Luke spends his days hanging out at the beach, working shifts at the local supermarket, and trying to stay out of trouble at school until he can be on his own. Bongo gets wasted, blocking out memories of the little brother Social Services took away from his addict mom and avoiding the stepdad who hits him. And Casey, the girl they both love, longs to get away from her strict, controlling father and start anew in a place where she can be free. When their lives all take very different and surprising paths, will these three friends find a way to come together again?
©2013 Emma Cameron (P)2013 Brilliance Audio, Inc.
I'm an audiobook addict and blog about books at The Reading Date. My favorite genres are YA, New Adult, Fiction & Memoirs.
Out of This Place was originally released last year under the title Cinnamon Rain by Australian author Emma Cameron. I’m a fan of verse novels so was so excited to see this one was getting a US release. This book is short but packs an emotional punch, and the verse format makes the story that much more meaningful. Out of This Place chronicles the tale of three high school teens: Luke, Casey, and Bongo. All three have difficulties at home and long for a better future.
I liked the multi POV and how it was used to get us up to speed on all the characters lives. It also goes to show that we don’t know everything there is to know about our good friends, because things are not always what they seem on the outside.
One of the messages that spoke to me was the idea of shaping your own family, letting people in, and accepting help. The friendships formed in the book really made a difference in their lives.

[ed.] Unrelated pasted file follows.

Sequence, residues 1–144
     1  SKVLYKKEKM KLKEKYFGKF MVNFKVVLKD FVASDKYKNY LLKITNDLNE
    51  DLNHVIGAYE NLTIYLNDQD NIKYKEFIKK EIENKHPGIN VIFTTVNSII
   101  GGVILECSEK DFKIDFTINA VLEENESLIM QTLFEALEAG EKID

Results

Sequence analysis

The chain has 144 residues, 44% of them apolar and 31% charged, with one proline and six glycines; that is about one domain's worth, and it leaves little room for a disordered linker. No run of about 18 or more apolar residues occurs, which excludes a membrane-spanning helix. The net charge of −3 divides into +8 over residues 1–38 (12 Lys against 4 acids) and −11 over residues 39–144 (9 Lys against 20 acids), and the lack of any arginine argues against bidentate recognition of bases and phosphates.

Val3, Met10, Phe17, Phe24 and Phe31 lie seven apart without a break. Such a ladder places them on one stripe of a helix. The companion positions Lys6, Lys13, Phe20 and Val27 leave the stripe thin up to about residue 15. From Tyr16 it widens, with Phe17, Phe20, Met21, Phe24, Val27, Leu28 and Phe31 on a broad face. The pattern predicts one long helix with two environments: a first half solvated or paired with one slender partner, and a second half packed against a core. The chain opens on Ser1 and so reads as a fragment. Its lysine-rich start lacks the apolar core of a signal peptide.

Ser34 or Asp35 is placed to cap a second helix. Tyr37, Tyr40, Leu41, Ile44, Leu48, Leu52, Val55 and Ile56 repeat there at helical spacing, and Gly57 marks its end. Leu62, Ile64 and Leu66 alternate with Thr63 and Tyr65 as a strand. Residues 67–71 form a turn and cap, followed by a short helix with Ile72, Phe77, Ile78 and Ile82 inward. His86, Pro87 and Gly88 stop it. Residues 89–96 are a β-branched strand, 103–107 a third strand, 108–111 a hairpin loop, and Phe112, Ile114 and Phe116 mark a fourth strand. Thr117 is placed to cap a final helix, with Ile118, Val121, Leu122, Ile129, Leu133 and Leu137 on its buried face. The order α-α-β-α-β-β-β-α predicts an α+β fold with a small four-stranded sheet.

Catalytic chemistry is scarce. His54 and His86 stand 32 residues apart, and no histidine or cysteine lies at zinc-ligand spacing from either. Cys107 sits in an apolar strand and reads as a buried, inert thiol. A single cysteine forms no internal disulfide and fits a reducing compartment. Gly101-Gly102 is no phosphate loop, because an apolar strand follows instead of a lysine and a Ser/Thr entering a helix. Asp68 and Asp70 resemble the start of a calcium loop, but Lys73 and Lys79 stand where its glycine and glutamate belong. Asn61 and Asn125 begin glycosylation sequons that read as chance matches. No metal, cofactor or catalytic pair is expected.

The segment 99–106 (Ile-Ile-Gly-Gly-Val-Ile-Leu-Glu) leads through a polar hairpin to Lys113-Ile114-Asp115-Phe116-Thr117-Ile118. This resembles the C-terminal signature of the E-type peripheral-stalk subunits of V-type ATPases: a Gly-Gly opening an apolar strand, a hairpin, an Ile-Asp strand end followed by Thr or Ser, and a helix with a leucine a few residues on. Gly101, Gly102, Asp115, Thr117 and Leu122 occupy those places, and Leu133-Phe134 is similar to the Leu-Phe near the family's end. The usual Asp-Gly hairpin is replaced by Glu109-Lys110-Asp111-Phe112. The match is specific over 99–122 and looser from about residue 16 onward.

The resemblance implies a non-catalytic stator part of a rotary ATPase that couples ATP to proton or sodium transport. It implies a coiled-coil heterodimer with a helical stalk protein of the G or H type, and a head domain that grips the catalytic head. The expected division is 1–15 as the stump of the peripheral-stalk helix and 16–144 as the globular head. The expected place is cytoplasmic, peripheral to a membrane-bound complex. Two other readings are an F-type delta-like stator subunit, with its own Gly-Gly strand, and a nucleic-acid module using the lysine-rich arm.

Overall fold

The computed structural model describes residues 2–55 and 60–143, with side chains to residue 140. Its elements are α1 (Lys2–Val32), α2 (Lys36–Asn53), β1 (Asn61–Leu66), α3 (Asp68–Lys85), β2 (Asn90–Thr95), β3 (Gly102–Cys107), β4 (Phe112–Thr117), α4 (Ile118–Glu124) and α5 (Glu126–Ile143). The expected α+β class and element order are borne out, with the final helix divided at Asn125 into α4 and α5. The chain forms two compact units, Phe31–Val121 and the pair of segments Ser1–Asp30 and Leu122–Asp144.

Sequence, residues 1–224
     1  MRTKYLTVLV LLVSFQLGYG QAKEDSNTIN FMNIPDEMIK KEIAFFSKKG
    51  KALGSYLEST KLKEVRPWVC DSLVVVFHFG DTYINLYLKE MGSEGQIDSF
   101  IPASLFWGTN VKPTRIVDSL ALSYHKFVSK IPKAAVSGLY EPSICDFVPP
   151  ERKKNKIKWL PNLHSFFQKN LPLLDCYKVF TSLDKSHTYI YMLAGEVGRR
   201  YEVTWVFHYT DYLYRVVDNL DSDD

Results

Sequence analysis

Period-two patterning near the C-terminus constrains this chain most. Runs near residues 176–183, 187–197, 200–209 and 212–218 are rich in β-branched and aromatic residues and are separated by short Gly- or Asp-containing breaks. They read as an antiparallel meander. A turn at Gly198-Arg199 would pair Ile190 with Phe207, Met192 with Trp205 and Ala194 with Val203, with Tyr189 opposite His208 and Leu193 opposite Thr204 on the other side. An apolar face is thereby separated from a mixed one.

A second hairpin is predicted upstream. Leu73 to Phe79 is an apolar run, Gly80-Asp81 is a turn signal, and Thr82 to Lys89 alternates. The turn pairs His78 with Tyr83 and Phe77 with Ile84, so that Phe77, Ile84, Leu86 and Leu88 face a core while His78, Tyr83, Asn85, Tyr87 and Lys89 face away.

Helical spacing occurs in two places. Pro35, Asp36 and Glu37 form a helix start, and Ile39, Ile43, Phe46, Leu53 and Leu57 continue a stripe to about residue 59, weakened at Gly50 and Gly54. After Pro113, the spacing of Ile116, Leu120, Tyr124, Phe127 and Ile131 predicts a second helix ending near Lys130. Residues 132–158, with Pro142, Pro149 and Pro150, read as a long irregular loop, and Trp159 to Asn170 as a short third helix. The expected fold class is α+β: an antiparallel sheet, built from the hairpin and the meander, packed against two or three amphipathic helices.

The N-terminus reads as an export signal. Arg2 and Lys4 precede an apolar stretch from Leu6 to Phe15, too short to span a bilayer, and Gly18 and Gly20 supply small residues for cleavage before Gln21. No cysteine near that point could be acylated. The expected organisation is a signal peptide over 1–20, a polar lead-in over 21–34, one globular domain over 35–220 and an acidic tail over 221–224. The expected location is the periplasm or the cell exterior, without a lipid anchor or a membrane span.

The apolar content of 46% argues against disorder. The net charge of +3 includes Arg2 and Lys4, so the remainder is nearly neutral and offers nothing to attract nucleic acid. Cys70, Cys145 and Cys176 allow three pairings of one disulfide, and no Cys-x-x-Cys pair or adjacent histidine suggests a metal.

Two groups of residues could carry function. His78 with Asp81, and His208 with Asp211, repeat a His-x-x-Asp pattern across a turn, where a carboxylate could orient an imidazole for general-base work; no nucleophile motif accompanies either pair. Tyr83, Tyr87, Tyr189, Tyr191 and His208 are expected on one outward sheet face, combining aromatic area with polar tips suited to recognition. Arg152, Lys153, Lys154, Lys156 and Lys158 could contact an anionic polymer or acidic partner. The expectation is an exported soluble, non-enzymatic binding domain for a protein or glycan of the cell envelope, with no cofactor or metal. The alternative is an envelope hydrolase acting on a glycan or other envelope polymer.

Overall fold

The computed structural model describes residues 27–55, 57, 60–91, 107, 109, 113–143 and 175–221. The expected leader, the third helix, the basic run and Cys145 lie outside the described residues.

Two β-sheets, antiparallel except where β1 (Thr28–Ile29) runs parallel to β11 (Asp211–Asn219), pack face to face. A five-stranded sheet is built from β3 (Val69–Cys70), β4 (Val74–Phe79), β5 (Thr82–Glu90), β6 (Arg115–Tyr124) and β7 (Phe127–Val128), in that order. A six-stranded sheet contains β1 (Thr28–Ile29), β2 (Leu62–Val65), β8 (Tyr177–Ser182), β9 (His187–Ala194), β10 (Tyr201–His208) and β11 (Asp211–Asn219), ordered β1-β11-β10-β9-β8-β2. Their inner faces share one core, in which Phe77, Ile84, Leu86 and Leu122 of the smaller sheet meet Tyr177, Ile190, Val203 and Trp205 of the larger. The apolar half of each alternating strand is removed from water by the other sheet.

I picked up the audiobook of Out of This Place, which is maybe an unconventional choice for a novel in verse. I was sold on the audio though when I saw that there were three separate narrators for each character’s part. Also, the narrators are Australian and since the book is set there I thought that would give just the right flavor to the story. The narrators do a good job of making you feel the characters emotions, but perhaps some of the verse feeling wasn’t as strong as it is in print. I thought Casey’s part was where the verse shined through the most, interestingly. I did think I understood the slang a little better with Australian narrators and it did bring the setting more to life. Many verse novels are fast reads, and in fact this audiobook is just over three hours long, but it manages to convey quite a powerful story in that time.
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